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Johnny Carson (2) vs. Paul Erdos; Babe Didrikson Zaharias advances

OK, our last matchup wasn’t close. Adam Schiff (unseeded in the “people whose name ends in f” category) had the misfortune to go against the juggernaut that was Babe Didrikson Zaharias (seeded #2 in the GOATs category). Committee chair or not, the poor guy never had a chance. As Diana Senechal wrote, “From an existential standpoint, If Schiff won this match, life would be absurd. Perhaps it is, but I still look for interludes of logic and meaning: for instance, right here. Let this battle be such an interlude, and let Babe claim the victory she deserves.”

Next up is Johnny Carson #2 in the TV personalities category and arguably the best talk-show host ever, against Paul Erdos, one of the weirdest and prolific mathematicians of all time. I’m guessing that the commenters here will side with Erdos, but I dunno. From everything I’ve read about Erdos, he’s always seemed irritating to me. In some ways, I can relate to the guy: like me, he liked to solve research problems with lots of different collaborators, but there’s something about all those indulgent descriptions of the guy that rub me the wrong way. In contrast, Johnny Carson is just brilliant. But, in any case, it’s up to you, not me, to give the most compelling arguments on both sides.

Remember, the full bracket is here, and here are the rules:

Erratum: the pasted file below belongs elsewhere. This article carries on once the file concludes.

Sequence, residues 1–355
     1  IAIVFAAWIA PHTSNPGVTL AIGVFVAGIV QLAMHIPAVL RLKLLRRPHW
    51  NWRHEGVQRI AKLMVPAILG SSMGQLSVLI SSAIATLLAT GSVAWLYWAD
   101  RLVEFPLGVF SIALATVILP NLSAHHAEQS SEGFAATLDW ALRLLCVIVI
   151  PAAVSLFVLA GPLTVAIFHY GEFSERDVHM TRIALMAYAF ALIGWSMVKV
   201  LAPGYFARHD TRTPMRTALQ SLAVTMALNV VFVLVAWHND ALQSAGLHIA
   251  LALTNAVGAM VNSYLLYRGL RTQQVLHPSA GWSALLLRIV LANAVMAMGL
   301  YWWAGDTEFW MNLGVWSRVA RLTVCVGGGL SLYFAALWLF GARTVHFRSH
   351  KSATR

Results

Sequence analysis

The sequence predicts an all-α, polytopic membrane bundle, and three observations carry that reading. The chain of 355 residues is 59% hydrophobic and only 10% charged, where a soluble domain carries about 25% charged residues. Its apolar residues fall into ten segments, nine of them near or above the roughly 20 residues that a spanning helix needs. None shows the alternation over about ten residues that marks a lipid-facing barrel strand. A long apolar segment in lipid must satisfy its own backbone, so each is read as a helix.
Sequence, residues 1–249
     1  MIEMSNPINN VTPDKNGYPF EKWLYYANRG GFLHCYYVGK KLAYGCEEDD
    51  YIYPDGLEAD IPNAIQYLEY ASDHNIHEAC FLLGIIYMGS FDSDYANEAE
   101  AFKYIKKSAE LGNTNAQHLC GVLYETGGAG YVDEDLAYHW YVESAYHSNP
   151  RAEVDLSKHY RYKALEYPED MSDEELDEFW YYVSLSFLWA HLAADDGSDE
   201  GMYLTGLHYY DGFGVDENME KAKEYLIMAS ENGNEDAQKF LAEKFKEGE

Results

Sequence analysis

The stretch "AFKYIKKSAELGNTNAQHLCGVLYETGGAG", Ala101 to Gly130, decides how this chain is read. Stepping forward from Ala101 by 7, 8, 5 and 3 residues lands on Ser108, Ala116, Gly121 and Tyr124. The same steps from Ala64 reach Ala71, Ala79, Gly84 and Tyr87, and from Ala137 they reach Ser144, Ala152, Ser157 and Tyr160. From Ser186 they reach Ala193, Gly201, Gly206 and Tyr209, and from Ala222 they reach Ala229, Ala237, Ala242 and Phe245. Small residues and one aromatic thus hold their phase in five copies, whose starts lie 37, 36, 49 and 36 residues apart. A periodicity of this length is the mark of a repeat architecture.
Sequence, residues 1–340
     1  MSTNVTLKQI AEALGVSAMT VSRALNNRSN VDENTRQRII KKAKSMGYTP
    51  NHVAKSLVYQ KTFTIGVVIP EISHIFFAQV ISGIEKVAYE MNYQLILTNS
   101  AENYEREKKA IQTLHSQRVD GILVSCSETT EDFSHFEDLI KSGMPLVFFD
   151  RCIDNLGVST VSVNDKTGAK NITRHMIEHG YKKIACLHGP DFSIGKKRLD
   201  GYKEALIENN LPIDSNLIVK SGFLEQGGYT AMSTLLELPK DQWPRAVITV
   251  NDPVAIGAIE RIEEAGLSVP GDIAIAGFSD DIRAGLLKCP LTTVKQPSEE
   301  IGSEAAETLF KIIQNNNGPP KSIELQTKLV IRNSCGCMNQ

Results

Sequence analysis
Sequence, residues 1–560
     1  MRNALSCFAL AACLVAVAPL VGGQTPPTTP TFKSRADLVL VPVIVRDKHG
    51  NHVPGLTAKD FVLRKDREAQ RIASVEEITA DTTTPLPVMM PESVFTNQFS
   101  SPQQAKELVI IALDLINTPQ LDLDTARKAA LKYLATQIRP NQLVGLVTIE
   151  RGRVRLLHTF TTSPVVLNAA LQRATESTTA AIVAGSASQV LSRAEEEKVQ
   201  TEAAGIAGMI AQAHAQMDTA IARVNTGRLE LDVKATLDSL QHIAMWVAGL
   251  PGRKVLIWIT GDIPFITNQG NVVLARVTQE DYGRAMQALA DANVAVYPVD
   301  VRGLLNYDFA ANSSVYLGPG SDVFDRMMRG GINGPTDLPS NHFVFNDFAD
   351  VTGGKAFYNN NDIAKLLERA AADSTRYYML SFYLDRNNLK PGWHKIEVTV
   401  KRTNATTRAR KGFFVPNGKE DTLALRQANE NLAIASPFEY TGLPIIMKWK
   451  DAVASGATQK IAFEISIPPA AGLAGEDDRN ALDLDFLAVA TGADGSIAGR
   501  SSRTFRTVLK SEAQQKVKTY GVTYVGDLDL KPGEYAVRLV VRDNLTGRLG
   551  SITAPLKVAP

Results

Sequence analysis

We’re trying to pick the ultimate seminar speaker. I’m not asking for the most popular speaker, or the most relevant, or the best speaker, or the deepest, or even the coolest, but rather some combination of the above.

I’ll decide each day’s winner not based on a popular vote but based on the strength and amusingness of the arguments given by advocates on both sides. So give it your best!


  1. Noah Motion says:

    Carson was great, but we can enjoy plenty of Carson on YouTube. And Erdos may have been a jerk, but he would almost certainly have some great stories for an academic seminar.

    Also, no one has a Carson number.

    • Martha (Smith) says:

      Agreed, except for “Erdos may have been a jerk.” I’ve actually heard him speak more than once, and remember chatting with him at a party. He just seemed like an eccentric little old man, but with a certain charm. So maybe another good reason to choose him is to give him an opportunity to show that he isn’ t a jerk!

      • Martha (Smith) says:


        “He was the Bob Hope of mathematics, a kind of vaudeville performer who told the same jokes and the same stories a thousand times. … When he was scheduled to give yet another talk, no matter how tired he was, as soon as he was introduced to an audience, the adrenaline (or maybe amphetamine) would release into his system and he would bound onto the stage, full of energy, and do his routine for the 1001st time.
        Melvyn Nathanson, as quoted in The Man Who Loved Only Numbers : The Story of Paul Erdős and the Search for Mathematical Truth (1998), p. 11″

      • Noah Motion says:

        Just to clarify, I don’t have any reason to think Erdos actually was a jerk. I just wanted to respect Andrew’s mild irritation.